9. Do you control weight by trying to be "good" on most days and "treating" yourself on others?

    10. Do you long to try the latest version of your favorite sweet? (ice cream, cookies, cake, etc?)

    11. Is it impossible to imagine a birthday or celebration without cake and does that cake seem harmless because you "deserve" it?

    12. Do you frequently buy food on impulse because it looks good or the label is alluring?

    13. Are other pleasures significantly less pleasurable if you remove the food?  (For example: going to the movies, watching sports, being with friends)



Result KeyYour Food Involvement Quotient

If you answered Yes to 5 questions or less:   Your FIQ is low and your ability to lose and maintain weight is high.  Modern food has become less of a part of your life which means you have the opportunity for real change.

If you answered Yes to 6-8 questions: You have a moderate FIQ. You are still very involved in the world of modern food.  While you may want to get out from under, you are not sure how to do it.

If you answered Yes to 9 to 13 questions: Your FIQ is high which means that you are very involved with food. Because food is still so seductive for you, this is likely making weight loss and maintenance impossible.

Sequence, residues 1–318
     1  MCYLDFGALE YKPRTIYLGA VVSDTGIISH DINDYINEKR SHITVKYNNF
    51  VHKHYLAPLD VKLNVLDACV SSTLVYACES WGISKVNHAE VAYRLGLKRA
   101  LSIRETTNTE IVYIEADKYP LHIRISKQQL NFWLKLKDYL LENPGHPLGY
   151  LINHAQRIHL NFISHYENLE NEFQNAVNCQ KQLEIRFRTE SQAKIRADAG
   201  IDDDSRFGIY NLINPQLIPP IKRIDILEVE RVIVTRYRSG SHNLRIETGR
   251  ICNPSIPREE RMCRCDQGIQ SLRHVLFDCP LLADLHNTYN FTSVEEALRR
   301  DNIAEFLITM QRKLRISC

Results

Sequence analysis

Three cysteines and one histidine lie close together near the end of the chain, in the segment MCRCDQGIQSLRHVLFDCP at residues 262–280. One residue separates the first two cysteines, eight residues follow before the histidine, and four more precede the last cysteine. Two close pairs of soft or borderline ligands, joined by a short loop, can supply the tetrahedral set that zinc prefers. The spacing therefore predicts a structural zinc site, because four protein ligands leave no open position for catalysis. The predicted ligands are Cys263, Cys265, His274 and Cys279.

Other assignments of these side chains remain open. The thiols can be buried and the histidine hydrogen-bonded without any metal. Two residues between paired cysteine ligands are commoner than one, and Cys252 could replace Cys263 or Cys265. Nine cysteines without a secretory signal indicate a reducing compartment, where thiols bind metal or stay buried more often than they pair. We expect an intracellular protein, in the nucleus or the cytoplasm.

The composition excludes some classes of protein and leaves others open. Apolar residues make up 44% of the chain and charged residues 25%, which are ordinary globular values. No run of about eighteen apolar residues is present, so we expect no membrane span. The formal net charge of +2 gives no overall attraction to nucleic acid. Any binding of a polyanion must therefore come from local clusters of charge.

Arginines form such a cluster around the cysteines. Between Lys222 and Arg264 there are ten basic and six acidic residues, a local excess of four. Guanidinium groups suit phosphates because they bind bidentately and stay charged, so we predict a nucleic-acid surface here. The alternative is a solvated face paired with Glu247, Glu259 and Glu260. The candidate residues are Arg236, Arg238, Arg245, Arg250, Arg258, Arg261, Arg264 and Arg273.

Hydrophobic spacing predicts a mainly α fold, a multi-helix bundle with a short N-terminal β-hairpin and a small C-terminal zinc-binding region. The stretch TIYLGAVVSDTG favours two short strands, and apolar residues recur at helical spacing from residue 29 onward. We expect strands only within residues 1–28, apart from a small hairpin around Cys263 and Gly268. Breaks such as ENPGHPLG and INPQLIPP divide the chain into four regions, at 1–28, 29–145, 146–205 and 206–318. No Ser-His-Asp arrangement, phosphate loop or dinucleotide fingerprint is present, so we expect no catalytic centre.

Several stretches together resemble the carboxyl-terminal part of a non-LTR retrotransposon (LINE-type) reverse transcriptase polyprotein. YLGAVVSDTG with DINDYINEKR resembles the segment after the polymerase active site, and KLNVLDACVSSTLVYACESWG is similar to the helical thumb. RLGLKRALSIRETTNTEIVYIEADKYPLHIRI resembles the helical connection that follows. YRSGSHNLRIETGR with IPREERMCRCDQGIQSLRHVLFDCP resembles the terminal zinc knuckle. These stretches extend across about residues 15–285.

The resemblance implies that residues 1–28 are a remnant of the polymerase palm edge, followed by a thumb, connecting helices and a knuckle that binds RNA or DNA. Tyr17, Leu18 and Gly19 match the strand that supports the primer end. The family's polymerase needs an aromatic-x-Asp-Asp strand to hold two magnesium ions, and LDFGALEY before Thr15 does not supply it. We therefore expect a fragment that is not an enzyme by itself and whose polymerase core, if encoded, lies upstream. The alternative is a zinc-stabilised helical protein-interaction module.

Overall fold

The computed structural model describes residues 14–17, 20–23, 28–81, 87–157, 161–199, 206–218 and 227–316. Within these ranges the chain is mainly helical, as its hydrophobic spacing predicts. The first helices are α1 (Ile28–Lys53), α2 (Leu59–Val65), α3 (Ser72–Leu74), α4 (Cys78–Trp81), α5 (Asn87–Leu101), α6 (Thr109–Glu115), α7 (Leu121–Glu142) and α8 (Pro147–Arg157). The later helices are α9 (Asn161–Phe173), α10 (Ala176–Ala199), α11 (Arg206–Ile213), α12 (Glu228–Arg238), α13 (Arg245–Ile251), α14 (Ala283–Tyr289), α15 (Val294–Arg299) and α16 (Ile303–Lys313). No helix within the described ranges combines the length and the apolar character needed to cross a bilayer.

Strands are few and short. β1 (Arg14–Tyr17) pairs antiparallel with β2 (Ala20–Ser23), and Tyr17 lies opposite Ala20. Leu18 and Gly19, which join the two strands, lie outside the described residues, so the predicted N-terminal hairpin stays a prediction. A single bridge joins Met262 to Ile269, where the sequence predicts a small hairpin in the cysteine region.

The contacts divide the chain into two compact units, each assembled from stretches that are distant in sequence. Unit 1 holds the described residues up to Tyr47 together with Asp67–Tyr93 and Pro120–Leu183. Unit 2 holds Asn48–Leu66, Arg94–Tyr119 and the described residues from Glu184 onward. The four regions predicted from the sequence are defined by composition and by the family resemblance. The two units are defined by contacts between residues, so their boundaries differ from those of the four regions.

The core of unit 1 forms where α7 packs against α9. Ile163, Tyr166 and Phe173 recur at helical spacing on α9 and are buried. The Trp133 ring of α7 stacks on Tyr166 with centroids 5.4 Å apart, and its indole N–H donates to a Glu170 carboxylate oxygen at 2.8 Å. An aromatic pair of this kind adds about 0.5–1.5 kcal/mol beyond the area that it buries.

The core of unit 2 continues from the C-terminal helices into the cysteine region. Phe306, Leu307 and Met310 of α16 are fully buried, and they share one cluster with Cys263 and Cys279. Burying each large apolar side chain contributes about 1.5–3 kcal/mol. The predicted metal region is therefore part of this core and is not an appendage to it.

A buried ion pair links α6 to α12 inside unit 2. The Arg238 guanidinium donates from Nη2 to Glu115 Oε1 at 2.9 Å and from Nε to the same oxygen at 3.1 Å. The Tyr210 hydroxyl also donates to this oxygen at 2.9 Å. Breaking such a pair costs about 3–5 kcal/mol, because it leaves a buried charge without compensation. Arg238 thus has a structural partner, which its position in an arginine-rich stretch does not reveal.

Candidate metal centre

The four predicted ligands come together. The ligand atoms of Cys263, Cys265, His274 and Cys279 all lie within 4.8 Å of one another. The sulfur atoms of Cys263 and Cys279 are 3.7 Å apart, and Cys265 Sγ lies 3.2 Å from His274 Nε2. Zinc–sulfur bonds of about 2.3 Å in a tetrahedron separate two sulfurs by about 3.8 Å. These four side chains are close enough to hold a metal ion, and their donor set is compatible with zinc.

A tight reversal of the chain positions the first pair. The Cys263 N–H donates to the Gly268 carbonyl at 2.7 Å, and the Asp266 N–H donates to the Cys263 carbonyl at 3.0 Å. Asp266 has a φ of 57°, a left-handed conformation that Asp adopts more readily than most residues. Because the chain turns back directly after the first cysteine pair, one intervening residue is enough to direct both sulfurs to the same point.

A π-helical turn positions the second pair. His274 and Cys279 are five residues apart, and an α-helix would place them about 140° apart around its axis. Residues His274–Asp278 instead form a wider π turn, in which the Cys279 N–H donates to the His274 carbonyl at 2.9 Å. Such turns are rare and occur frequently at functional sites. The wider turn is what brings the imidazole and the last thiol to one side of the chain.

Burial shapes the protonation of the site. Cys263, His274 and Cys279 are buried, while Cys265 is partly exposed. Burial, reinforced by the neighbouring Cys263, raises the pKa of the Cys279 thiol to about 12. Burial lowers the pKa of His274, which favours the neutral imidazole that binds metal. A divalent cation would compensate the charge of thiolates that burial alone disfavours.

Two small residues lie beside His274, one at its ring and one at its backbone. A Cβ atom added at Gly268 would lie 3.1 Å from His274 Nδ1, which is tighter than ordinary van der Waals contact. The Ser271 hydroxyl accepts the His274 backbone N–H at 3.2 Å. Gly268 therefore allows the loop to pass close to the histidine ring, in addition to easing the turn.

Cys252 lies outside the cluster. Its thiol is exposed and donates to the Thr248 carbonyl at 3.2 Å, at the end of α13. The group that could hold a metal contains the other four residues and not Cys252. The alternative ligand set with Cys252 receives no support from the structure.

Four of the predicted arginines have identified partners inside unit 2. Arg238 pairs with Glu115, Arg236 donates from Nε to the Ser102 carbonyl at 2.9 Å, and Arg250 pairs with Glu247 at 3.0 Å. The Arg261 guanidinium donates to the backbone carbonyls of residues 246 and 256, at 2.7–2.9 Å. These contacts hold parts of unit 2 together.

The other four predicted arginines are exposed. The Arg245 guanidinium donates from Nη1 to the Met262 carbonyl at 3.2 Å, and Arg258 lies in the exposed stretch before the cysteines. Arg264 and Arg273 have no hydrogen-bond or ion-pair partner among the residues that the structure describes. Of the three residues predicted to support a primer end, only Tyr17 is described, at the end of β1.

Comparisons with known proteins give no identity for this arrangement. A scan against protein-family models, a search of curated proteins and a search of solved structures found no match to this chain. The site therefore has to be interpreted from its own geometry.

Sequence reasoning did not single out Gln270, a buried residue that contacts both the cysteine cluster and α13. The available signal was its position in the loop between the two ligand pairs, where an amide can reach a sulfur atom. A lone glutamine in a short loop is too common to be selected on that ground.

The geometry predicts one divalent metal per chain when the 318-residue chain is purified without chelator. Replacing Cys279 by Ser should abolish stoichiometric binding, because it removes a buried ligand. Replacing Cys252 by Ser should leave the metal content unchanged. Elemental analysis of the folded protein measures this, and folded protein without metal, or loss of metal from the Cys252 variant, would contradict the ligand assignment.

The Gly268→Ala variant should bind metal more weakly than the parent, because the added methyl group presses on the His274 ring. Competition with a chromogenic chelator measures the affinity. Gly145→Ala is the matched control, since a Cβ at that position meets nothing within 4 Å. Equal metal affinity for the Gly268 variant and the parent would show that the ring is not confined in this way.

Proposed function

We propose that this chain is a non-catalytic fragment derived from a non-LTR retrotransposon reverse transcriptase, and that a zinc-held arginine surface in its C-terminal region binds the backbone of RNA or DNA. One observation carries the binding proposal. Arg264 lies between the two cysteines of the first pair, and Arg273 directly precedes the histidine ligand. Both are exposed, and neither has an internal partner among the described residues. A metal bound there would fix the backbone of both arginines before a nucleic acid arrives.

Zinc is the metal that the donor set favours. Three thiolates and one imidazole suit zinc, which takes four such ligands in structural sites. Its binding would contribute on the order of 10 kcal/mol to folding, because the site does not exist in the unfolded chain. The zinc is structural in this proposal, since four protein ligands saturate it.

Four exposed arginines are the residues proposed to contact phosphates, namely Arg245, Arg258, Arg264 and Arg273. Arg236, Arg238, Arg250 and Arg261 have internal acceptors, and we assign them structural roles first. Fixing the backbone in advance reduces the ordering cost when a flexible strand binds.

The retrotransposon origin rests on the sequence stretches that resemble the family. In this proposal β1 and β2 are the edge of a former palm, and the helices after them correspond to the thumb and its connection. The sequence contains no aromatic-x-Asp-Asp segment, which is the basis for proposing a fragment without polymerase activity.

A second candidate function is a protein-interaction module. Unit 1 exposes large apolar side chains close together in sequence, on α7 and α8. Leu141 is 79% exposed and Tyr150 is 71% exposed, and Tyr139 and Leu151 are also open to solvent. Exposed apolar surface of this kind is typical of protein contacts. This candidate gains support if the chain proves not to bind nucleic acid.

Every one of us has an involvement with food.  The degree of involvement, however, impacts on our ability to remain healthy.  Each one of us faces the challenge of learning to see the modern food world as it really is:  supremely unhealthy, capable of seriously cutting your life short,  capable of robbing you of the joy of living through obesity and related disease, a killer that takes hundreds of thousands of American lives each year.  This reality is tough to see and tougher to hold in our minds because we live in an ether that constantly feeds us very different messages.  "Food is fun."  "Food is pleasure".  "Food is a hobby" and most damaging, "Food is harmless if you only know how to control it."   These messages are nothing more than a form of hypnosis.

In my next post: Tips on disengaging from the pack and lowering your Food Involvement Quotient.


























Post a comment
Write a comment:

Related Searches